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M/s. Mega Media Solutions Vs. Commissioner Trade & Taxes & Anr.
July, 22nd 2019
$~
*      IN THE HIGH COURT OF DELHI AT NEW DELHI
37
+                         W.P.(C) 9282/2017

M/s. MEGA MEDIA SOLUTIONS                                   ..... Petitioner
                  Through:              Mr Varun Nischal, Mr Arif Ahmed
                                        Khan, Ms Gaumi Grover and Mr
                                        Manoj Kumar, Advocates.

                          versus

COMMISSIONER TRADE & TAXES & ANR.           ..... Respondents
                 Through: Mr Satyakam, ASC for GNCTD.

       CORAM:
       JUSTICE S. MURALIDHAR
       JUSTICE TALWANT SINGH
                                   ORDER
       %                           17.07.2019
Dr. S. Muralidhar, J.:
1. This is yet another case where the Respondents are seeking to avoid
granting refund to the Petitioner on the basis of ,,zero demand orders

2. The practice of passing ,,zero demand orders to deny refunds was
frowned upon by this Court even earlier. Illustratively, reference may be
made to the orders dated 21st November, 2016 in W.P.(C) No.9252/2016
(Aesthetic Packaging v. Commissioner of VAT) and 6th August, 2018 in
W.P.(C) No.1563/2018 (M/s Arora Enterprises v. Commissioner, Trade &
Taxes). Yet, the practice has not stopped.

3. This petition itself has a chequered history. The Petitioner is a




W.P.(C) 9282/2017                                                 Page 1 of 9
proprietorship registered under the Delhi Value Added Tax Act, 2004
(,,DVAT Act) as well as the Central Sales Tax Act, 1957 (,,CST Act). The
Court is informed that the Petitioner has since sought cancellation of the
CST registration. The Petitioner filed the present petition aggrieved by the
denial of refund in the total sum of Rs.133,87,364/-, in respect of the tax
periods from May to December, 2010 and January, February, March and
May, 2011. Paragraph 2 of the writ petition sets out the details of the refund
amount claimed for each of the above assessment periods and the dates of
the respective returns in which refunds were made. Admittedly, the earliest
of those returns is dated 25th June, 2010 and the last of such returns (for
May, 2011) is 26th June, 2011.

4. In response to the notice issued in this petition, a reply was filed on 4th
January, 2018 by the Respondents alleging suppression of material facts by
the Petitioner. It is stated in para 5 of the counter affidavit that the refunds
for the periods July, 2010 to March, 2011 and May, 2011 were disallowed
by the then Assessing Authority on the ground that the dealer did not furnish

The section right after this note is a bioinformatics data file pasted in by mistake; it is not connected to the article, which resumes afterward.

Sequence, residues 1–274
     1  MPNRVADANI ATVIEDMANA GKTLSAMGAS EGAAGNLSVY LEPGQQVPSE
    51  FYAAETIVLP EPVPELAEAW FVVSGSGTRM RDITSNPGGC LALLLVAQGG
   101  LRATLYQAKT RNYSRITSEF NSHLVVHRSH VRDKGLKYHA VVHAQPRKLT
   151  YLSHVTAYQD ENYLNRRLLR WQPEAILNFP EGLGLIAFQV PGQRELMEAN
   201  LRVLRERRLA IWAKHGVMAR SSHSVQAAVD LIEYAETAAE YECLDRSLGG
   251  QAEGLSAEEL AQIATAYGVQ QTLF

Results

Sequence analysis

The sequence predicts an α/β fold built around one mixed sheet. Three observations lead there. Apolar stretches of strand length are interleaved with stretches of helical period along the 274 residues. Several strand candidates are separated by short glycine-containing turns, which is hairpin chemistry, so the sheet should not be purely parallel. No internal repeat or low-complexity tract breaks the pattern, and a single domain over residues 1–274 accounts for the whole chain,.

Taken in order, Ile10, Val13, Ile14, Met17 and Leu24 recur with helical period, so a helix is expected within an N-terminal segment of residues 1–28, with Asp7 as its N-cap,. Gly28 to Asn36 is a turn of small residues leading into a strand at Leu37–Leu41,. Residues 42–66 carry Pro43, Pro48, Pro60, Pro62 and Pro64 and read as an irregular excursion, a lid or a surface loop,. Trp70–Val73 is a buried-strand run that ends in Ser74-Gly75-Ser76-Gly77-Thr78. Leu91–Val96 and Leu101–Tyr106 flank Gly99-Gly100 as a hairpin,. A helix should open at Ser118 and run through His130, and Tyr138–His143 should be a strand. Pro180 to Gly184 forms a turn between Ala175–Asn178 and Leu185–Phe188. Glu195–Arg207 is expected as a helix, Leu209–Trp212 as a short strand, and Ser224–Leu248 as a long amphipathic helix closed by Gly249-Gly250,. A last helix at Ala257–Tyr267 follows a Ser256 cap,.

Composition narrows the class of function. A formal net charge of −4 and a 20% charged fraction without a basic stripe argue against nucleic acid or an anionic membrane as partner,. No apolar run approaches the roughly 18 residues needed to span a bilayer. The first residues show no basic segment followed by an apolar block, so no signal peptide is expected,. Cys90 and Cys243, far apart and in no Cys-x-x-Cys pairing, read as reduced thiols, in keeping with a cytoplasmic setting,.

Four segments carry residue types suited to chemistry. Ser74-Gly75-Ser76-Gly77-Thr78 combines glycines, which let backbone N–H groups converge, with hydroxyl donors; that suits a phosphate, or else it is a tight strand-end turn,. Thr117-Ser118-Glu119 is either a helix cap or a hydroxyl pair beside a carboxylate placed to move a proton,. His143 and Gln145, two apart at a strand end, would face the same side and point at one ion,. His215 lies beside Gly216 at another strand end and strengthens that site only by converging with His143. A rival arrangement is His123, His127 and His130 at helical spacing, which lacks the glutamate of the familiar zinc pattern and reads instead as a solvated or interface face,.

the required information despite time being given to him under Section 59
(2) of the DVAT Act. It was accordingly contended that the Petitioner had
not approached the Court with clean hands. It was stated that by 12th July,
2012, the Petitioner had not furnished any document pertaining to the above
period i.e. July, 2010 to March, 2011 and May, 2011 and that the refund
claims for the said periods were rejected by orders passed on 1 st August,
2012 and 3rd August, 2012. It was contended that the Petitioner had not
challenged those orders in accordance with law and, therefore, the petition
itself was not bonafide.









W.P.(C) 9282/2017                                                  Page 2 of 9
5. In the meanwhile, the Petitioner had filed CM No.747/2018 to bring on
record additional documents in support of its claim for refund.

6. The Court initially passed an order on 5 th July, 2018 disposing of the
present writ petition, inter alia, observing that if the Petitioner was
aggrieved by the adjudication of its claims for refund "and having regard to
its assertions that the orders were never received by it", it was open to the
Petitioner "to seek copies of such order or orders and prefer appeals". It was
observed that in the event that the Petitioner preferred the appeals within 30
days of receipt of such orders, they would be considered by the Objection
Hearing Authority (,,OHA) on their merits. It was noted in the order that the
copies of the orders rejecting the refunds claims for the periods July, 2010 to
March, 2011 "are being handed over to the counsel for the Petitioner".

7. Soon thereafter, the Petitioner filed Review Petition No.274/2018. Inter
alia, it was pointed out by the Petitioner that after going through the
documents handed over to the counsel for the Petitioner by the counsel for
the Respondent, it was found that there were material facts, statutory
provisions and judgments which were not brought to the notice of the Court.
The new material documents revealed that for the tax period 2010-11, orders
raising ,,zero demand had been passed and since these were not available
earlier to the Petitioner and there were no disputed facts, "nothing survives
for the OHA to decide".

8. A reply was filed to the review petition by the Respondents, inter alia,